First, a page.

After playing two hours of a near-final build of Deus Ex: Mankind Divided, I can say with confidence that it comes the closest to matching the singularly special original. That’s the highest praise I can give.
Mankind Divided layers on the expected modern niceties, of course. There’s a sizeable arsenal of weapons, from nonlethal shock pistols to combat shotguns and battle rifles. You can swap between specialised weapon mods mid-battle, à la Crysis, to add armour-piercing rounds, scopes, and more.
There’s also a helpful visual enhancement augmentation that’s a mere L1 press away. It highlights nearby threats, shortcuts, and item pickups, reducing the guesswork in navigating the game’s sprawling, multi-level cyberpunk cityscapes.
Multiple controller layouts are available, including one that more closely emulates the layout of 2011’s Human Revolution, and one that’s geared towards helping speed runs.
Much like the 2000 original, Mankind Divided tightly intertwines different genres and play styles. Are you a Rainbow Six purist? You’ll love the broad tactical FPS combat options. Splinter Cell fan? The strong stealth possibilities will impress you. Mass Effect devotee? Get ready for the deepest character building and branching dialogue choices this side of the Citadel. Fallout fiend? You’ll love the ability to influence the narrative and act like a jerk if you want to.
I could go on — Mankind Divided, like the best Deus Ex games, truly offers something for everyone. It’s all in how you choose to play.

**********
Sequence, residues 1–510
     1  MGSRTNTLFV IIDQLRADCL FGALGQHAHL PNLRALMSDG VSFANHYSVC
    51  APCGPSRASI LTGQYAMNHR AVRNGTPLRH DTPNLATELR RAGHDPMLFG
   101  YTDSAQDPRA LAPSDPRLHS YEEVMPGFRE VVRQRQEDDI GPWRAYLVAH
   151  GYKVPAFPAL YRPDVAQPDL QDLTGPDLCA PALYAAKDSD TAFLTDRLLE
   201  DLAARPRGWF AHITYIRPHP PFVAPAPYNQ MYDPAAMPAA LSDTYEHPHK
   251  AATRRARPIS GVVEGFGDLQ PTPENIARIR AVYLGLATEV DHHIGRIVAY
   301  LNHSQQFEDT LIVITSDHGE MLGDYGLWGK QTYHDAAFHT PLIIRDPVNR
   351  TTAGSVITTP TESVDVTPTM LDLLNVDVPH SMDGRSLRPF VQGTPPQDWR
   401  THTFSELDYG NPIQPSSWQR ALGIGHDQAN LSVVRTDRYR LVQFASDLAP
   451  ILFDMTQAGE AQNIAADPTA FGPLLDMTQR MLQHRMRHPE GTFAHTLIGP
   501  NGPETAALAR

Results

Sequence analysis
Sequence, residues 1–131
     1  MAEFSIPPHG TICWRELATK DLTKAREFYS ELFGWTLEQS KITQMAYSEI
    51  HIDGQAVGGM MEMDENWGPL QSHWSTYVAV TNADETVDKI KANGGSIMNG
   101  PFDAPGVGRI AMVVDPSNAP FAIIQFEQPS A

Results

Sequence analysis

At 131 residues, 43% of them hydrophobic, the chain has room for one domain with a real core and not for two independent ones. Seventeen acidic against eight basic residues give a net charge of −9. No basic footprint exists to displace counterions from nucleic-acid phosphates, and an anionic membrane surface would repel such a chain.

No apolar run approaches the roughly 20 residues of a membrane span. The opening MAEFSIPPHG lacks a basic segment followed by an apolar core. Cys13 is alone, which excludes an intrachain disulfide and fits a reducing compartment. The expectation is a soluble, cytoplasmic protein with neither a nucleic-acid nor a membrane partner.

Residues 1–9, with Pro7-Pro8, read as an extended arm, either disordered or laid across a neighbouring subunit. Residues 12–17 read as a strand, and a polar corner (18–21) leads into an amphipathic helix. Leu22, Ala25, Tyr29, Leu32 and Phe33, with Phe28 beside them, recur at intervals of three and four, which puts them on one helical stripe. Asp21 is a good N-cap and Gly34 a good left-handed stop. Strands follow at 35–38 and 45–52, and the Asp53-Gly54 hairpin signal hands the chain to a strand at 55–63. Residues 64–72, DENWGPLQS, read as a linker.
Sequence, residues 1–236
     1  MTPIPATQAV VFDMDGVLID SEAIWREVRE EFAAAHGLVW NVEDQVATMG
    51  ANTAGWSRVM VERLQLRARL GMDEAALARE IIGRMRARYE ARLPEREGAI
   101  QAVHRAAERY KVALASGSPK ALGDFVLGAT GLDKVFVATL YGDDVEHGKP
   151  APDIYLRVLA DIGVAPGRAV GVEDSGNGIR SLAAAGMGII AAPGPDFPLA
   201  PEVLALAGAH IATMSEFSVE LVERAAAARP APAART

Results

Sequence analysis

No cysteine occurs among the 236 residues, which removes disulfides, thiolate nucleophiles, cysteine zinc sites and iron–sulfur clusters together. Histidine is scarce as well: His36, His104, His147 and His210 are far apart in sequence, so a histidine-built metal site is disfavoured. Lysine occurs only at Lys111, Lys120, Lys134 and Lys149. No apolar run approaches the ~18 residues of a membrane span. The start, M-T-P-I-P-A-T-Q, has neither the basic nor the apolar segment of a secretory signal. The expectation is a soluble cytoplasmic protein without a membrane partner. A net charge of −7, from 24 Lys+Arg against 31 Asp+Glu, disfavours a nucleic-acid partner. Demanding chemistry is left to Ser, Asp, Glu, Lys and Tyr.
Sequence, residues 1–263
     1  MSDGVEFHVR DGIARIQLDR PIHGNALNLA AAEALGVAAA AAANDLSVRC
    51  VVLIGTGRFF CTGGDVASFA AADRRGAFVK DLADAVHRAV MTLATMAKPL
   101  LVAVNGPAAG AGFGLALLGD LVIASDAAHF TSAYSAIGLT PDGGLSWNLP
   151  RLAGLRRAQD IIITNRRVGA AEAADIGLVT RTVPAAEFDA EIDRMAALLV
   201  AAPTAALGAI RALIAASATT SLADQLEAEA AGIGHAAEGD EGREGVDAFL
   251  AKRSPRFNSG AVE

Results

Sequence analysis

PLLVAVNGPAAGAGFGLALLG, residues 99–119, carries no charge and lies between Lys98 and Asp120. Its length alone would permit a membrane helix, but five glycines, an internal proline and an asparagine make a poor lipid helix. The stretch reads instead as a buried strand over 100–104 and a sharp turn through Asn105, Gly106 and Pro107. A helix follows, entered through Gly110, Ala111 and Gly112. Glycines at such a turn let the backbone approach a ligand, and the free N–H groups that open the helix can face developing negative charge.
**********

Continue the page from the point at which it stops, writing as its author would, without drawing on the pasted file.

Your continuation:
And then there’s the narrative itself, a byzantine behemoth of social commentary, conspiracy theory, and old-school speculative fiction. What would happen if society discriminated between “naturals” and the augmented, who are equipped with artificial arms, legs, or organs? The team behind Mankind Divided thinks the resulting conflict would look eerily familiar.
One surreal sequence set in Prague played like a highly evolved game of Papers, Please. Most of the unmodified, “natural” NPCs I encountered mistrusted or even disparaged me, simply because protagonist Adam Jensen is augmented — a “clank.” It was an unnerving and dehumanising ordeal, but it firmly planted me in the game’s universe. I’m betting all that societal strife pays off nicely in the final game.
Mankind Divided comes out for PS4 on 23rd August and it looks promising, and unique. If you’ve got questions, leave ’em below — I’ll set aside some time today to shed more light on what I can.